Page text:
Anti-Qatar Bloc Meets US Envoy, But No Breakthrough in Sight - NBC Boston
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Anti-Qatar Bloc Meets US Envoy, But No Breakthrough in Sight

U.S. Secretary of State Rex Tillerson's visit to Saudi Arabia included talks with King Salman and his powerful son Mohammed bin Salman, who was recently elevated to the role of crown prince, placing him next in line to the throne

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    Anti-Qatar Bloc Meets US Envoy, But No Breakthrough in Sight
    AP
    In this photo released by Saudi Press Agency, Saudi King Salman, right, receives U.S. Foreign Secretary Rex Tillerson, in Jiddah, Saudi Arabia, Wednesday, July 12, 2017.

    U.S. Secretary of State Rex Tillerson wrapped up talks with the king of Saudi Arabia and other officials from Arab countries lined up against Qatar on Wednesday with no sign of a breakthrough in an increasingly entrenched dispute that has divided some of America's most important Mideast allies.

    The secretary of state's trip from Kuwait to the western Saudi city of Jiddah followed discussions the previous day with the emir of Qatar, Sheikh Tamim bin Hamad Al Thani, that ended with the signing of a counterterrorism pact.

    Saudi Arabia, the United Arab Emirates, Egypt and Bahrain severed relations with Qatar and cut air, sea and land routes with it over a month ago, accusing Doha of supporting extremist groups. Qatar denies the allegations.

    The quartet has given no indication it would be willing to back off from its hard-nosed stance. Just hours before Tillerson's arrival in Jiddah, the four Arab states said the counterterrorism deal that Qatar signed with him on Tuesday was "not enough" to ease their concerns.

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    Tillerson's visit to Saudi Arabia included talks with King Salman and his powerful son Mohammed bin Salman, who was recently elevated to the role of crown prince, placing him next in line to the throne. He also met with the foreign ministers of the four countries in the anti-Qatar bloc.

    Officials gave little indication of what was discussed, but Tillerson was likely to press the bloc to ease up on some of its demands after he secured the deal for Qatar to intensify its fight against terrorism and address shortfalls in policing terrorism funding.

    He is expected to travel back to Qatar on Thursday for more talks with the 37-year-old emir.

    The four anti-Qatar countries last month issued a tough 13-point list of demands that included shutting down Qatar's flagship Al-Jazeera network and other news outlets, cutting ties with Islamist groups such as the Muslim Brotherhood, limiting Qatar's ties with Iran and expelling Turkish troops stationed in the tiny Gulf country.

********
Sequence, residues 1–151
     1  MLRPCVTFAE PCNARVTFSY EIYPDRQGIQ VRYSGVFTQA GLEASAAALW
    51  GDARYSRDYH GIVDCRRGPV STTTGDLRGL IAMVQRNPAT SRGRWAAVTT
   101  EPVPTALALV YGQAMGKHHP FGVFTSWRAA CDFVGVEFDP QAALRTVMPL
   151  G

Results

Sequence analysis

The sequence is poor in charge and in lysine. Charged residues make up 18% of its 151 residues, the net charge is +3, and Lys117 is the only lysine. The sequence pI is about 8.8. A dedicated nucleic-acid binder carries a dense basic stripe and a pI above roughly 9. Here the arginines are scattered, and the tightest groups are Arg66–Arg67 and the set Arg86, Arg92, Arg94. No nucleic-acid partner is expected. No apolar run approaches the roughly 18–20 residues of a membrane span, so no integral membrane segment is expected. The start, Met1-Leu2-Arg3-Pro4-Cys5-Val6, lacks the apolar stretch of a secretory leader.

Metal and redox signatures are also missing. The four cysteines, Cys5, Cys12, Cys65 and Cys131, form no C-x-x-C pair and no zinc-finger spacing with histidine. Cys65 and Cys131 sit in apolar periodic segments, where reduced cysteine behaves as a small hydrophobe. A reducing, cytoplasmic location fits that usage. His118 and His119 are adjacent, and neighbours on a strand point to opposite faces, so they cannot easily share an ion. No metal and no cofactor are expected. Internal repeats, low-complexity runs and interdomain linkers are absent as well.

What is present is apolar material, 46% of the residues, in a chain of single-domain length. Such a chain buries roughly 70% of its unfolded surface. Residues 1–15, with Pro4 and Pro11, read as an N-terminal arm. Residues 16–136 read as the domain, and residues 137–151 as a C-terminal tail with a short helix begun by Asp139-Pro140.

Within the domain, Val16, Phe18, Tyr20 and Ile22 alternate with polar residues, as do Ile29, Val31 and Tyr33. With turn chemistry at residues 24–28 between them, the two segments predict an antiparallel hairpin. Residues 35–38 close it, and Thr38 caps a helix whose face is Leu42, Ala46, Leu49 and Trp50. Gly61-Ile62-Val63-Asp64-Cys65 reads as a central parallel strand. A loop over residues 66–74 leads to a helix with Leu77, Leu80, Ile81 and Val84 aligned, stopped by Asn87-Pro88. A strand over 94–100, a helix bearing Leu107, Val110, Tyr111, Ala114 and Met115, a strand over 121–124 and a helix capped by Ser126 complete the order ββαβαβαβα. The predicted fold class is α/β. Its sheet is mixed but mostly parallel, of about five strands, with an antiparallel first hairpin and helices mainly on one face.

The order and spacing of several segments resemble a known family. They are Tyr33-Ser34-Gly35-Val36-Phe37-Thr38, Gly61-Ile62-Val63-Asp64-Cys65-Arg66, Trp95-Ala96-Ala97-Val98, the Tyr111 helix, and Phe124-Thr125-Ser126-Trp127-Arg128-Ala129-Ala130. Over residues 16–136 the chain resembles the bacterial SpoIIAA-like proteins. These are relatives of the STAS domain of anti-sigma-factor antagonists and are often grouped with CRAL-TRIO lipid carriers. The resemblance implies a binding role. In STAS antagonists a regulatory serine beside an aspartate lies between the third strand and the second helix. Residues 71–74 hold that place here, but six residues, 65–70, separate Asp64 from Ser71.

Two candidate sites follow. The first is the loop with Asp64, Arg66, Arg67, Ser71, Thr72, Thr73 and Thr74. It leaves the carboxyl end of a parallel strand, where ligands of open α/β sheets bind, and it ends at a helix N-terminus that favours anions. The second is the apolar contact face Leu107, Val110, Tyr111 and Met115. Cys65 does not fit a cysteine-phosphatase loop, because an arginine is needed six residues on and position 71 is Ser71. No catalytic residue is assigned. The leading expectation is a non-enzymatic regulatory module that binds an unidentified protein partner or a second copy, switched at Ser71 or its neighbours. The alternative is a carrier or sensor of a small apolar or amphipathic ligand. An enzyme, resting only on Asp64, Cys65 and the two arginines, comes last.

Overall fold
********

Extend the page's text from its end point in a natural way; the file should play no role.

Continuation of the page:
Qatar has rejected the demands, saying that agreeing to them wholesale would undermine its sovereignty.

    The head of Qatar's government communication office, Sheikh Saif bin Ahmed Al Thani, has accused the quartet of organizing "a smear campaign in the international media to damage Qatar's reputation" and said they are "not interested in engaging in honest negotiations to resolve our differences."

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    The anti-Qatar bloc took partial credit for the U.S. counterterrorism deal Qatar signed Tuesday, saying it was the result of "repeated pressures and demands" by the four countries and others, but that it failed to go far enough.

    While welcoming U.S.-led efforts to dry up terrorist funding, the four maintained a hard line that Qatar must meet their list of what they said were "fair and legitimate demands."

    "The quartet affirms that the measures they have taken were motivated by the continuous and diversified activities of the Qatari authorities in supporting, funding and harboring terrorism and terrorists, as well as promoting hateful and extremist rhetoric and interfering in the internal affairs of states," they said in a joint statement.

    The deal struck between Washington and Doha falls far short of the sweeping demands made by the Arab quartet for Qatar to change its policy of supporting opposition Islamists in the region.

    The group has mixed its accusations that Qatar supports extremists with demands that it end support for political dissidents that they have branded as terrorists. That broad definition of terrorism is seen as an overreach by many Western allies, which do not view groups like the Muslim Brotherhood as terrorist organizations.

    Saudi commentators were quick to criticize the result of Tillerson's visit to Qatar.

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    "What makes Wednesday's meeting in Jiddah difficult is that Tillerson has, since the beginning of the crisis, appeared to be taking the Qatari side," Abdulrahman al-Rashed, the general manager of the Saudi-owned Al Arabiya satellite news channel, wrote in a column published in the pan-Arab Asharq al-Awsat newspaper.

    "He has to realize that he will be further complicating an already complex matter and prolonging the crisis," he added, emphasizing that the goal of the four Arab countries is to change Qatar's "agenda."

    Faisal Abbas, editor-in-chief of the Saudi daily Arab News, framed the security agreement signed between the U.S. and Qatar as a win for the quartet, but added that "it is not time to party just yet."

    The squabble among five of its Mideast allies has put the United States in an uncomfortable position and risks complicating the Pentagon's operations in the region.

    Qatar hosts al-Udeid Air Base, the largest U.S. military installation in the Middle East and hub for U.S.-led operations against the Islamic State group in Iraq and Syria. Bahrain is home to the U.S. Navy's 5th Fleet, while American surveillance planes and other aircraft fly from the UAE.

    Associated Press writer Aya Batrawy contributed to this report.